Another point, slightly off tangent. Most persons who are currently on parole and/or probation, especially in California, have some sort of search clause attached as a condition of parole or probation. Generally the search clause states: Any peace officer may search the person, car, or residence (sometimes it is limited to just the person), with or without a warrant.

    So, if your living with someone who has a search clause, any place the person has access too is free game by law enforcement. The same if you were driving down the street in your car, were legally stopped, and the person had a search clause. Said car could be searched.

    Just food for thought...
     
  20. Ladybug

    Ladybug Member

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    Hmm, very interesting question!! If the person doesn't mind finding out the real answer, I would recommend they check with their parole officer or attorney - I have a feeling this would be something that would vary greatly amond jurisdictions. Also, I think if the spouse owned the weapons before they got married or before the felony it might make things easier... but don't know.

    If my husband became a felon, I guess I'd have to leave him, lol.:D
     
  21. Pendragon

    Pendragon Member

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    There was a recent case where a LEO (corrections?) had married a felonious woman.

    The officer had to keep a gun for his job and was supposed to keep it locked up.

    One day, he came home and set the gun down somewhere.

    Unfortunately, his hapless bride had a warrant or missed a hearing of some sort and the gendarmes were sent to fetch her. They found her sleeping in the house and they also found the gun in the house. She had no idea the gun was there because it had not been there when she went to sleep.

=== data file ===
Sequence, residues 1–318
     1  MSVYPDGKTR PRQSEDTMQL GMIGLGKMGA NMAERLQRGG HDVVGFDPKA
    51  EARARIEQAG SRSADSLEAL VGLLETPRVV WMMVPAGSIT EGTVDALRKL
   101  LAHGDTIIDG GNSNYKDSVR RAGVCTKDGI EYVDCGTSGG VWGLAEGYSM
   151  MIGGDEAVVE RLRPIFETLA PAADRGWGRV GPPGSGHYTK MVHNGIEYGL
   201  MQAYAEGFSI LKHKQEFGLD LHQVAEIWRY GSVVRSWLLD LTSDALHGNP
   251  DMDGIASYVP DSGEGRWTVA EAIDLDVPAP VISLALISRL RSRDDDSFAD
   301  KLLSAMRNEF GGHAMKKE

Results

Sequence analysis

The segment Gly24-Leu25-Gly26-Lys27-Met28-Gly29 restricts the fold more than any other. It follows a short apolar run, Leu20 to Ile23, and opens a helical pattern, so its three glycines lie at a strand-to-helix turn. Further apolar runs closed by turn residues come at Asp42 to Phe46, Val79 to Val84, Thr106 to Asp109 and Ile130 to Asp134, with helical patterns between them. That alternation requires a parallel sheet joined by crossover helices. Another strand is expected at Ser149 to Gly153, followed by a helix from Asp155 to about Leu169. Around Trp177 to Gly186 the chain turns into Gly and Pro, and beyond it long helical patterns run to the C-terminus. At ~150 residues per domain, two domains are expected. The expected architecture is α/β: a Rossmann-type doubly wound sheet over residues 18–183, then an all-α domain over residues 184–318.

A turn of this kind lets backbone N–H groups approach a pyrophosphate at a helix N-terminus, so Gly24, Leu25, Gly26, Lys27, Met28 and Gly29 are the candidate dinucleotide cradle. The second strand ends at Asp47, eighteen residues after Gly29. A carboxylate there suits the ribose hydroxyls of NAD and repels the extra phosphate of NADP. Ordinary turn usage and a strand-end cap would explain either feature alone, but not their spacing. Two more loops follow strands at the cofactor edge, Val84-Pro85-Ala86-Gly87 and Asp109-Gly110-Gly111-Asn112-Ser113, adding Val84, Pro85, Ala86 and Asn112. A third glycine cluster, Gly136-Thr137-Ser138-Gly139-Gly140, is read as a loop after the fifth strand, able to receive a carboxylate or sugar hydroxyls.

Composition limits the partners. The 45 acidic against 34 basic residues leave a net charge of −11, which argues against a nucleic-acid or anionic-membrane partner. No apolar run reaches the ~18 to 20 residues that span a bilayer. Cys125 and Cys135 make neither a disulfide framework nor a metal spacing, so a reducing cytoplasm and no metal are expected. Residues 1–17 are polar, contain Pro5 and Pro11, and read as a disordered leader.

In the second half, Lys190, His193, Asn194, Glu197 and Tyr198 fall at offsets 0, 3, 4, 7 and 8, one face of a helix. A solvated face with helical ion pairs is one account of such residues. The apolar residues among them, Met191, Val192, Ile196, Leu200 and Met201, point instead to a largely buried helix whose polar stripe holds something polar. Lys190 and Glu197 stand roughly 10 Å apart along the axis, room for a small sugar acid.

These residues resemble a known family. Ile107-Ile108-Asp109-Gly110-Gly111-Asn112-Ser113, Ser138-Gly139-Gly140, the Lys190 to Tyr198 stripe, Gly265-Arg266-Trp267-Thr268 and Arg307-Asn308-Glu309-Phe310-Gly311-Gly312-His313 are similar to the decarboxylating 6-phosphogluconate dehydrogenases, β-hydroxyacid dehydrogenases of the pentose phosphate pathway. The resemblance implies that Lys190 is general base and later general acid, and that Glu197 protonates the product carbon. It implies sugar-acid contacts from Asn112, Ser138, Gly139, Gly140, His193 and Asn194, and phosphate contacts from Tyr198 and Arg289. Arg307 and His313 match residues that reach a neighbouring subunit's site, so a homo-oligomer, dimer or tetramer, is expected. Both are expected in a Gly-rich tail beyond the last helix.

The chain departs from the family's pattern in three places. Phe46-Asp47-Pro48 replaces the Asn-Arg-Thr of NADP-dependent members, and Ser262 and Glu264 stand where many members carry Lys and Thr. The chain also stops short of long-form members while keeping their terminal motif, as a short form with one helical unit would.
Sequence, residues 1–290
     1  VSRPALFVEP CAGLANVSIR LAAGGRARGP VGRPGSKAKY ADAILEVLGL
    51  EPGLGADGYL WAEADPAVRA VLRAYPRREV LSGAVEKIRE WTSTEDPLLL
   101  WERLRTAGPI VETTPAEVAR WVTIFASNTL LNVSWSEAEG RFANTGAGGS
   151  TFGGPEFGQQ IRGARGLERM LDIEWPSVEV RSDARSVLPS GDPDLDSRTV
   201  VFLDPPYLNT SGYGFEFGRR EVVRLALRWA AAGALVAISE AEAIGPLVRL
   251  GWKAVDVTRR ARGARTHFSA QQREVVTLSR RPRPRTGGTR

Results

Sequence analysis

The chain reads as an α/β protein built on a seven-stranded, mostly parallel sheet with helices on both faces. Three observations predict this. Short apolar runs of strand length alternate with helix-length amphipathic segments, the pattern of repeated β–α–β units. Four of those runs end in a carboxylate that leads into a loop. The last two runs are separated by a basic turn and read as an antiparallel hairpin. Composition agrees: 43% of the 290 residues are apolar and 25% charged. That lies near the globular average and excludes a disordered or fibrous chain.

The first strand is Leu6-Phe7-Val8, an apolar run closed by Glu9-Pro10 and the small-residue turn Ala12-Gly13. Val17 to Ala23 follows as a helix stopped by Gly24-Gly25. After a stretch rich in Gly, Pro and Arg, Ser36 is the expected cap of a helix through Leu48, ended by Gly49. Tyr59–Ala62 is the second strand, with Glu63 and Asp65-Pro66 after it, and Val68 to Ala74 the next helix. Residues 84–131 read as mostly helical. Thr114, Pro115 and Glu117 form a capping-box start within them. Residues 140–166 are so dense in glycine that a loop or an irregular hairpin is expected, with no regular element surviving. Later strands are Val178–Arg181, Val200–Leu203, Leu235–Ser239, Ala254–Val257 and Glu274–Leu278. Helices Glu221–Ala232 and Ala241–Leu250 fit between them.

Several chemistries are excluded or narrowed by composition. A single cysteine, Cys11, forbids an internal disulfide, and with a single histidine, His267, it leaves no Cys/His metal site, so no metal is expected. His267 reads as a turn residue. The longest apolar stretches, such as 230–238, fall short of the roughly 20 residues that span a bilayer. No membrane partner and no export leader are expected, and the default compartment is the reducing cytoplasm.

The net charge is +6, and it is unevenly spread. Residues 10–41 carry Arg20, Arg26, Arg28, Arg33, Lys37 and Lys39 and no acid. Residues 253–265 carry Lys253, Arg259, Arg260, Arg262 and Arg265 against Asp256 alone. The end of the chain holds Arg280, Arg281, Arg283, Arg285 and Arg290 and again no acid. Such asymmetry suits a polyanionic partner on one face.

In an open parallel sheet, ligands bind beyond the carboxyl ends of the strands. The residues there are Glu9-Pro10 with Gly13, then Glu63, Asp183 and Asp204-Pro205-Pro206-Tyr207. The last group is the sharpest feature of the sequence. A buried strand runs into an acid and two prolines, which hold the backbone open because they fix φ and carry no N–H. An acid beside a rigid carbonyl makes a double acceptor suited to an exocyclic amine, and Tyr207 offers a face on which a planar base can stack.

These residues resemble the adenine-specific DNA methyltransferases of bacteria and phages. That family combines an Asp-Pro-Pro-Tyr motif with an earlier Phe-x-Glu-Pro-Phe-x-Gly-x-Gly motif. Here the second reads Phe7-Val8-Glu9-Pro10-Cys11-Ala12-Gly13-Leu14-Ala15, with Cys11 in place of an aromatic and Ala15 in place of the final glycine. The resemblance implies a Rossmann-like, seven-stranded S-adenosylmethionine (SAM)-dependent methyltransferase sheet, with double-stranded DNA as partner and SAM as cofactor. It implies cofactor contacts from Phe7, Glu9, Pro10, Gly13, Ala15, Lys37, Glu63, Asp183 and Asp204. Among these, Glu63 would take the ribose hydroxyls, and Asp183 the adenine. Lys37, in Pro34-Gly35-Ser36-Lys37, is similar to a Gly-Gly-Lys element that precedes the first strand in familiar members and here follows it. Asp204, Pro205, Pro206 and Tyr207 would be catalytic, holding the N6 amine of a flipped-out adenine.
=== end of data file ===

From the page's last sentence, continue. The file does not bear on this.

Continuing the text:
She was sent back to prison - her husband tried to take the blame, but they would not hear it. I got the impression they were trying to "teach" others that LEOs do not marry felons.

    Sad story really - lady did nothing intentional. Really, if you are a felon, your non felon spouse could "get you" in this way perhaps.

    Not a good situation to be in.
     
  22. OPM Inc.

    OPM Inc. Member

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    Can a felon off parole or probation be allowed to go to the shooting range? :confused:
     
  23. Leatherneck

    Leatherneck Member

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    For sure the Base legal eagles should be asked about her particular circumstances...she could inadvertently ruin her career if she's not careful.

    TC
    TFL Survivor
     
  24. son of a gun

    son of a gun member

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    I still think a marriage is a legal contract adjoining property and assets and if there is not some sort of prenuptial or post nuptial agreement she is supplying a fire arm to a felon if that is her spouses legal status.
     
  25. c_yeager

    c_yeager Member

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    As i understand it simply POSSESING a firearm is a no-no for a felon. Now, how hollywood gets around this i have no idea. So, there are probably exceptions.